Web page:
Dr. Catherine Pallen

Principal Investigator

Ph.D. [Medical Biochemistry] (University of Calgary)
Associate Member, Department of Pathology and Laboratory Medicine, University of British Columbia
Professor, Division of Hematology and Oncology, Department of Pediatrics, University of British Columbia

Research Interests

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Dr. Pallen is not accepting summer students for 2016.

Myelin is a protective coating that ensheathes the nerve fibers (termed axons) which carry information to and from the brain. Its main purpose is to enhance the speed of impulse conduction and to protect axons from unnecessary damage. Myelin can be impaired from traumatic injury or also from diseases like multiple sclerosis and leukodystrophy. In such cases, loss of myelin can lead to paralysis, loss of sensation, of learning impairments; however, work is being done to understand how myelin can be regenerated (a process termed re-myelination) which may help alleviate these negative outcomes.

Dr. Catherine Pallen is highly regarded for her research on cell signaling and understanding the role and mechanism by which a molecule called PTPa (protein tyrosine phosphatase alpha) influences myelination. Her work has shown that PTPa is required for normal growth and maturation of myelin-producing cells and she has developed experimental models to investigate how PTPa functions for myelin repair.

Another area of her research is focused on understanding pain pathways and finding better treatments based on cellular regulation. PTPa is known to be involved in integrin signaling (cell receptors essential for cell processes) and because site-specific phosphorylation of PTP molecules is poorly understood, its role in cell migration, development, survival and immune activation is still being studied.  Furthermore, PTPa has been linked to the function of a pain-mediating receptor (N-methyl-D-aspartate, NMDA) and could lead to improved treatments for long-term persistent pain.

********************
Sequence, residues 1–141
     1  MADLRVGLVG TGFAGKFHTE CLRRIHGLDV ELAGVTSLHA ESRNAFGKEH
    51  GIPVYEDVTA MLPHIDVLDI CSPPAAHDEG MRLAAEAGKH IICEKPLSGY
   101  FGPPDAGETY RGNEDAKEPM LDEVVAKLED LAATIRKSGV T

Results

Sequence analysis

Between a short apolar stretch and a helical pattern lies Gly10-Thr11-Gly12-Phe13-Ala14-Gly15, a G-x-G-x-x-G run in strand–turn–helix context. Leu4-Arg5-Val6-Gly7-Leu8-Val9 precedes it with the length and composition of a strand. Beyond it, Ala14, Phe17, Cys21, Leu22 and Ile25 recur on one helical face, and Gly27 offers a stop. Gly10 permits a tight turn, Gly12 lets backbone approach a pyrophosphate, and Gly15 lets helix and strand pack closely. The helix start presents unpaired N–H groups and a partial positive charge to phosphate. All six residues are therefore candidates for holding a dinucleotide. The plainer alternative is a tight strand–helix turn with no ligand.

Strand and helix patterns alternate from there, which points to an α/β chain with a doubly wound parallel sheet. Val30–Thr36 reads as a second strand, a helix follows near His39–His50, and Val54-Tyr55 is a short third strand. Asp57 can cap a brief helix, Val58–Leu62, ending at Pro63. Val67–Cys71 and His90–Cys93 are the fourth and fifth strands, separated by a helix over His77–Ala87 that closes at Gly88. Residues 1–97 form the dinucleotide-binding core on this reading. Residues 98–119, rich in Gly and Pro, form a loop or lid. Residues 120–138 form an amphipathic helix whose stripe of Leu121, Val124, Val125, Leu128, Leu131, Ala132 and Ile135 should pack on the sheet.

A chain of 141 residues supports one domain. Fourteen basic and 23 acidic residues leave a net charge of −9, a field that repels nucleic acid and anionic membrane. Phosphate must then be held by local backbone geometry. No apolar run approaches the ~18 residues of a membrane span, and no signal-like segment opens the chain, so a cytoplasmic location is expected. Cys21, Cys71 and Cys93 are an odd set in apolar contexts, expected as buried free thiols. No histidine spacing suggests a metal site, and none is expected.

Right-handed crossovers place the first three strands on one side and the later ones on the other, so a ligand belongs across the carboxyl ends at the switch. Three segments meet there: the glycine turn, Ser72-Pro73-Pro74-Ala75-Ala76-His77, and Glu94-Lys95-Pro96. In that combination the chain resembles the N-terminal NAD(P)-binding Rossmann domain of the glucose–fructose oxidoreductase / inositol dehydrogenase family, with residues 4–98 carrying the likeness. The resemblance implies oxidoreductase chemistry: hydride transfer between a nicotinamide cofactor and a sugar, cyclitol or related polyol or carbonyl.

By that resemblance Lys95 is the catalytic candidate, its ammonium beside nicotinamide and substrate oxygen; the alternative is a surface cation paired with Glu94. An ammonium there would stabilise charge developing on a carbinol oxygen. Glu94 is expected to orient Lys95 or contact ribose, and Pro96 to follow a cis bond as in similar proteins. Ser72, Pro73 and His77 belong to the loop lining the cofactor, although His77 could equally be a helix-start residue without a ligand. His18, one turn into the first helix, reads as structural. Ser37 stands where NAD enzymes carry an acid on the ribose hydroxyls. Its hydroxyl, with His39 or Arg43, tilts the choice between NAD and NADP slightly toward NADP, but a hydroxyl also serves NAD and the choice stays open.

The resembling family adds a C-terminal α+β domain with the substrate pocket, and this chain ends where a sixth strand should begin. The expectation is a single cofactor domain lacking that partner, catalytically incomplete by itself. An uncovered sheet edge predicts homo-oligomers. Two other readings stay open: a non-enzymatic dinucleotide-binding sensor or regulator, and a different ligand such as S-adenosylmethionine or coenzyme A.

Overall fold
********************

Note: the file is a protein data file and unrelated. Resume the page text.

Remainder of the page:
Techniques employed in the labs:

  • Cell culturing
  • Transfection of plasmids and small-interfering RNA
  • Immunoblot Assays
  • Peptide Microarrays

Current Lab Members

Masters Students Post-Doctoral Fellows
Yuda Shih Dr. Philip Ly

Trainee Awards

Year Name Award
2014 Dr. Philip Ly
  • Postdoctoral Fellowship Award (Canadian Institutes of Health Research)
  • Trainee Travel Grant (Child & Family Research Institute)
  • Postdoctoral Fellowship Award (Child & Family Research Institute) [declined]
  • Postdoctoral Fellowship Award (Multiple Sclerosis Society of Canada)

Current Opportunities in the Lab

Please contact Dr. Pallen with inquiries.

Recent publications

  • Khanna, RS, Le, HT, Wang, J, Fung, TC, Pallen, CJ. 2015. The interaction of protein-tyrosine phosphatase α (PTPα) and RACK1 protein enables insulin-like growth factor 1 (IGF-1)-stimulated Abl-dependent and -independent tyrosine phosphorylation of PTPα.. J. Biol. Chem. doi: 10.1074/jbc.M114.624247.
  • Geldman, A, Pallen, CJ. 2015. Protein tyrosine phosphatases in mast cell signaling.. Methods Mol. Biol. doi: 10.1007/978-1-4939-1568-2_17.
  • Cheng, SY, Sun, G, Schlaepfer, DD, Pallen, CJ. 2014. Grb2 promotes integrin-induced focal adhesion kinase (FAK) autophosphorylation and directs the phosphorylation of protein tyrosine phosphatase α by the Src-FAK kinase complex.. Mol. Cell. Biol. doi: 10.1128/MCB.00825-13.
  • Fam, HK et al.. 2013. TDP1 and PARP1 deficiency are cytotoxic to rhabdomyosarcoma cells.. Mol. Cancer Res. doi: 10.1158/1541-7786.MCR-12-0575.
  • Meyer, DS et al.. 2014. Tyrosine phosphatase PTPα contributes to HER2-evoked breast tumor initiation and maintenance.. Oncogene. doi: 10.1038/onc.2012.585.
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